The use of GenAI is rapidly expanding, and it is expected to revolutionise the way businesses operate. However, the adoption of GenAI requires specific skills and knowledge from leadership teams to ensure successful implementation.
In this blog post, we discuss the vital leadership skills necessary for unlocking the full potential of GenAI.
The role of leadership teams in GenAI adoption
Leadership teams play a critical role in the successful adoption of GenAI. It’s not enough to rely solely on curiosity and discretionary effort from individuals; the adoption of GenAI requires sustained c-suite buy-in. That’s why leaders must prioritise the adoption of GenAI as a fundamental organisational priority, enabling top-down sponsorship.
Further to this point, the democratic nature of the technology has created an expectation that organisations should have their own viewpoint and set an agenda that will guide their people, with the overwhelming feedback being that AI adoption "shouldn't be led by the IT dept." Therefore, leadership must establish governance and guardrails to enable experimentation without the constraints of fear.
The 5 essential GenAI skills for C-suite leaders:
1. Combining top-down and bottom-up approaches to AI implementation
Smart leaders will combine top-down and bottom-up approaches to GenAI adoption to drive success. People may be fearful of new technology - especially if they’re worried that it will replace them or significantly alter the scope and remit of their job. With that in mind, it’s essential to establish governance and put in place guardrails that provide people with the freedom to explore how AI can make a positive impact to their role and team.
Additionally, staff should be encouraged to ask questions such as "where should we get started with deriving organisational value from this technology?" to ensure the adoption of GenAI is a genuine enabler rather than a diktat from management.
2. Managing future skills in the age of AI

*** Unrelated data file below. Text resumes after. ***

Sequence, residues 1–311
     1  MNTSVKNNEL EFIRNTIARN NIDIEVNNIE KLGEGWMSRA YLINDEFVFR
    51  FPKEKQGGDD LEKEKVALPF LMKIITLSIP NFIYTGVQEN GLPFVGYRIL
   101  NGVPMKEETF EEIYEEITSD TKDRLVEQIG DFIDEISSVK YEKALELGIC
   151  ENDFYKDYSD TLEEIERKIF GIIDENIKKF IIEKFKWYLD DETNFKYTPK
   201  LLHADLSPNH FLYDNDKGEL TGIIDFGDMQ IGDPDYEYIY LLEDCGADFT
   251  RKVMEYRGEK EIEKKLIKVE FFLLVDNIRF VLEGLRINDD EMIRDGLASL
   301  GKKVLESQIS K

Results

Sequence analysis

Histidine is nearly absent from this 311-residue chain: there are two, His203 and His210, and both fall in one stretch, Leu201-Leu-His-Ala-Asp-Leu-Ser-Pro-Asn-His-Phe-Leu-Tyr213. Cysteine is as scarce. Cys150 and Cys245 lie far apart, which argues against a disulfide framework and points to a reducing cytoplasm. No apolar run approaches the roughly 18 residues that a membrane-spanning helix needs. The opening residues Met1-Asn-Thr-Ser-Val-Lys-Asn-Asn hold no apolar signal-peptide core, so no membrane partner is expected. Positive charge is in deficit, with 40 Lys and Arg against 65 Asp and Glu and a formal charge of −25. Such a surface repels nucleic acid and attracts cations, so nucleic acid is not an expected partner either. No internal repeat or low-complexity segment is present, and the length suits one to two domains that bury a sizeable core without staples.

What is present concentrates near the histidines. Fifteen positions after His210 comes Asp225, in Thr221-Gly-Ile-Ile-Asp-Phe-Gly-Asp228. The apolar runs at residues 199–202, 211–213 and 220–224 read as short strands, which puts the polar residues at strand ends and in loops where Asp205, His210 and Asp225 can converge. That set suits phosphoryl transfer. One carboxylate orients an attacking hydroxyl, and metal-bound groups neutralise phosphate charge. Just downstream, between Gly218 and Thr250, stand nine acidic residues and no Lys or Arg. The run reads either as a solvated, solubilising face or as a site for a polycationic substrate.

Successful leaders must ensure they are managing the future skills necessary for GenAI adoption. With the rise of citizen-led development as well as low-code and no-code AI applications, AI is fast becoming a skill that is relevant for the entire workforce, not just data scientists and engineers. To support this, it’s critical that leaders can clearly explain and justify their usage of AI across the organisation, fostering a culture of trust and transparency.
3. Fostering communication and collaboration
As we’ve already touched upon, fostering communication and collaboration is a critical step in enabling successful GenAI adoption. Experimentation and encouragement are paramount, and the proper pathways must be in place to facilitate continuous learning. Savvy leaders can maximise buy-in from their people and teams by ensuring that they're creating organic, practical, useful learning experiences, rather than purely academic ones.
4. Preparing people for change
We’ve already established that job roles are likely to change as a result of AI. Therefore, it’s critical that leaders work proactively with their people to prepare them for the fact that their roles will change, making the process a participative one rather than a dictatorial one. This can be framed in a positive way, highlighting the personal growth and skill-building opportunities that will arise from more widespread AI adoption. After all, AI has the potential to free people from some of their mundane tasks, so they can focus on more interesting, higher-value work that requires human ingenuity.
Prompt engineering is likely to be key to this, and individuals need to understand how different tools can improve their effectiveness, so that they can leverage them appropriately. To ensure that change management is as smooth as possible, leaders must ensure that they avoid making sweeping, off-the-cuff statements around the impacts of AI that may cause unintended worry or concern amongst their people.
5. Managing regulation and its impact on GenAI adoption
Last but by no means least, compliance and legal must be part of the conversation from the beginning to enable a two-way dialogue that protects the organisation from potential harms, without stifling innovation at an individual and team level. Policies related to AI governance must be comprehensible and useful to people, and controls must be implemented to prevent unintended discrimination.
Conclusion: the key steps for AI success
Leadership teams play a critical role in the successful adoption of GenAI, and for leadership teams looking to take on competitors in efficiency, innovation and speed to value, prioritising GenAI adoption will be key. Combining top-down and bottom-up approaches, managing future skills, and fostering communication and collaboration are critical to enable successful GenAI adoption.
Having the right people, with the right skills is key to maximising the value of AI. Whether there’s a lack of GenAI skills in your team, or a lack of actual people to focus on GenAI, AND Digital can help. Visit our GenAI Hub to learn how we guide your ideation and proof of concept phase, how we help you build and leverage AI faster, and how we equip your team with the skills they need to innovate ahead of competitors.